Withholding taxes – Malta does not levy withholding tax on dividends paid to non-residents. A 0% withholding tax applies to royalty and interest payments, provided that the recipient does not act on behalf of a Maltese domiciled resident.

Losses – Losses arising from taxable income may be carried forward indefinitely. Carryback of losses is not allowed.

Inventory - Inventory valuations are usually made at the lower of cost or market value. In general, the book and tax methods of inventory valuation will be acceptable. Last in first out method (LIFO) is not allowed for taxation purposes.

Anti-avoidance rules – The transfer pricing regime in Malta is not sophisticated. There are included some anti-avoidance provisions and brief references to transactions at arm’s length.

Malta conscripted into local law the EU Anti-Tax Avoidance Directive (ATAD 1) via the L.N. 411 of 2018 – which is now in force since January 1, 2019.

Under the L.N. 411 of 2018, Malta has implemented controlled foreign company (CFC) rules.

Under Maltese law, a CFC may be a Malta’s company foreign permanent establishment (PE) or a subsidiary in which the parent company holds directly or indirectly more than 50% of its voting rights/capital or is entitled to receive more than 50% of the profits – which corporate tax paid is lower than half of the tax that would have been charged on the company or PE under the Malta Income Tax Act.

Malta taxes non-distributed income of the CFC if this is derived from a non-genuine arrangement to create a tax advantage.

CFC rules don’t apply to subsidiaries and PEs with no more than EUR 750,000 of trading profits and non-trading income of EUR 75,000 or less, or companies which profit amount does not exceed 10% of its operating costs.

Malta has also transposed into law the interest deductibility rule, whereby a company can only deduct net interest expenses up to the higher of 30% of its EBITDA or EUR 3 mil.

An Exit tax will become effective from January 1, 2020. A Maltese company that transfer assets to a PE outside of Malta, a non-resident operating through a PE that transfer assets or business to outside Malta, or a Malta company that transfers its tax residency from Malta to outside Malta – would be deemed to have accrued a capital gain, which will be subject to tax. The capital gain would be calculated by the market value of the transferred assets less their base cost for tax purposes.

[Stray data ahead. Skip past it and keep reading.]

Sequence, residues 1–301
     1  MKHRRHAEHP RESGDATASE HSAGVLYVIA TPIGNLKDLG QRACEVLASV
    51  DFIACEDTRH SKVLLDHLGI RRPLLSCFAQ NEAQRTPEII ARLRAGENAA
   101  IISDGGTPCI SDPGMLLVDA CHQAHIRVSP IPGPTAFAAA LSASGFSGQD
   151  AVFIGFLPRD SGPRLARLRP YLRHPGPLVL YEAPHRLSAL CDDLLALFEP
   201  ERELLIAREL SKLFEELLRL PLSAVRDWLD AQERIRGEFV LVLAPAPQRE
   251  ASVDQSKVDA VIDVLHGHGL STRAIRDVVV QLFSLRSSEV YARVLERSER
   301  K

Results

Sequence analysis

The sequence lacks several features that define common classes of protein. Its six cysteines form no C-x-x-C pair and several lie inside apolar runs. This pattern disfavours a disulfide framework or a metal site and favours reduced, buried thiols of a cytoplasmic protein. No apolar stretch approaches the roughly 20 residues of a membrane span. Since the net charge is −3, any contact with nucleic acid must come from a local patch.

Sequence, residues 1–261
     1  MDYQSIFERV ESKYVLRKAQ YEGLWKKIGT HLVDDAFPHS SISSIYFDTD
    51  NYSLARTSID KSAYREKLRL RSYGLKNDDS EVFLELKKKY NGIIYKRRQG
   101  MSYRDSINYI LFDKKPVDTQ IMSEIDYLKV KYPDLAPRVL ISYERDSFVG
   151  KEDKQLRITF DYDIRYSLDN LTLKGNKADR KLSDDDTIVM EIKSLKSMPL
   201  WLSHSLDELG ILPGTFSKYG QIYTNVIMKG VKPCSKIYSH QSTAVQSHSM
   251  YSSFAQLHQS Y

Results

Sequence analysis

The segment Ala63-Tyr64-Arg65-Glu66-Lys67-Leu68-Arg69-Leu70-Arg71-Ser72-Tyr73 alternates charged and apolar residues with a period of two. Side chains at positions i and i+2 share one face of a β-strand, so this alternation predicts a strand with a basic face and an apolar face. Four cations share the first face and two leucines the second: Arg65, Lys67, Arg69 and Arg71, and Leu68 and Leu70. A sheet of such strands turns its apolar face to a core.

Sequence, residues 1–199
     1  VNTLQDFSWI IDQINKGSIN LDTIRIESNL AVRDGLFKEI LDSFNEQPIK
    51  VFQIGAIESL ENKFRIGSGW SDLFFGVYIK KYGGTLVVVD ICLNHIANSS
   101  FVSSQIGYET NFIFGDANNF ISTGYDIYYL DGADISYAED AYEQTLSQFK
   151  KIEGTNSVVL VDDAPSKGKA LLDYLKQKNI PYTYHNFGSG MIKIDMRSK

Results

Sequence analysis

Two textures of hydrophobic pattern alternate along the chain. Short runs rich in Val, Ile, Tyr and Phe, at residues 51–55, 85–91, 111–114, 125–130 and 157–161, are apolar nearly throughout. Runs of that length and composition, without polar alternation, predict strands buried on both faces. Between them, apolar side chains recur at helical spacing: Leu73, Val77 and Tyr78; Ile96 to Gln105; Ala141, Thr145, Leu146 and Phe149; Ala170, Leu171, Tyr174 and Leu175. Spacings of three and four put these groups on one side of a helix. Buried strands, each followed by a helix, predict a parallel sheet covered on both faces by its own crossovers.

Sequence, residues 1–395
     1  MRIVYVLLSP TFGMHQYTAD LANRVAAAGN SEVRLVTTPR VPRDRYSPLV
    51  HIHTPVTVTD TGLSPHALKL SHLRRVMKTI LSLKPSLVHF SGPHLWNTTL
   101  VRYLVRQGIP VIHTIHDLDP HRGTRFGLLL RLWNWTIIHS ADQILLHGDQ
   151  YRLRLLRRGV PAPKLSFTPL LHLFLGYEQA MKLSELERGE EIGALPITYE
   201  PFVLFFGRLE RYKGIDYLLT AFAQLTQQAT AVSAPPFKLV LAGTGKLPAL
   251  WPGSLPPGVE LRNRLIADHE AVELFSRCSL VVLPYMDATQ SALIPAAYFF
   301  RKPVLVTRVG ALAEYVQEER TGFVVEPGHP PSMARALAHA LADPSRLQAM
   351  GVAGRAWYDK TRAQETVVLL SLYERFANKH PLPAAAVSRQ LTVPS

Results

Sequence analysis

Labor taxes – Employers and employees are required to make contributions to the Social security fund at 10% on employees’ monthly income, each one, without a maximum limit amount.

Tax credits and incentives – A tax credit for foreign tax paid is usually available. When no evidence of tax paid is available, a company may qualify for a flat-rate foreign tax credit of 25%.

The Malta Enterprise Act and other related legislation provide comprehensive tax incentives for foreign investment on certain activities in Malta, such as manufacturing activities.

There are also tax incentives for securitization vehicles, re-insurance special purpose vehicles and collective investment schemes.

The Micro Invest Scheme provides tax credits up to EUR 30,000 for micro-enterprises. A tax credit may be increased to EUR 50,000 for self-employed women, businesses that are majority owned by women, and start-ups established in Gozo.

Compliance – On average, a Limited company in Malta may require 8 payments and 138 hours per year to prepare, file and pay taxes.

Personal income tax - Maltese ordinarily residents and domiciled in Malta are subject to personal income tax on their worldwide income and capital gains.

Maltese ordinarily residents and not domiciled in Malta are taxed on their income and capital gains arising in Malta and on income arising outside Malta that is remitted to Malta.

This means that if you are a Maltese resident non-domiciled (permanent home) in Malta, only your Maltese-source income and capital gains and your income remitted to Malta may be subject to tax.

Foreign-source income not remitted and capital gains (remitted or not) may be tax-exempt.

Non-residents are only taxed on their income and capital gains from Malta.

Personal income tax rates are progressive from 0% to 30%. Capital Gains are taxable income. However, gains from the disposal of immovable property are taxed at lower rates of 8%, 10% or 12% depending on the circumstances.

Other taxes – In Malta, there are no inheritance, real property, net wealth and municipal taxes. There is a stamp duty applied on certain transfers such as real property or securities. Value-added tax is 18%.

  • Offshore Income Tax Exemption
  • Offshore capital gains tax exemption
  • Offshore dividends tax exemption
  • CFC Rules
  • Thin Capitalisation Rules
  • Patent Box
  • Tax Incentives & Credits
  • Property Tax
  • Wealth tax